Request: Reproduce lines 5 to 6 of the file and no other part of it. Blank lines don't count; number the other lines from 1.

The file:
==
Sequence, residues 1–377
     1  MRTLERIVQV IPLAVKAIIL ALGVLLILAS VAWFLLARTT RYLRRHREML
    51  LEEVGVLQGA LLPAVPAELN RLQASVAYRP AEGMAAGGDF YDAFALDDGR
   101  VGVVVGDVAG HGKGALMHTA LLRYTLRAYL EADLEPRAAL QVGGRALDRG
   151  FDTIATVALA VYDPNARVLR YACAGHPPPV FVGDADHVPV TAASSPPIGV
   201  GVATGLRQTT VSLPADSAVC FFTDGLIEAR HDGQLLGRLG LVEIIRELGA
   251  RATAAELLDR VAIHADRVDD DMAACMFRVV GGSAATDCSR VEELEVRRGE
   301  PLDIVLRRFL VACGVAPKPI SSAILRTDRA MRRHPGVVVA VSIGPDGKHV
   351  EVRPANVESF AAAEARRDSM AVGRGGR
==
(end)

   151  FDTIATVALA VYDPNARVLR YACAGHPPPV FVGDADHVPV TAASSPPIGV
   201  GVATGLRQTT VSLPADSAVC FFTDGLIEAR HDGQLLGRLG LVEIIRELGA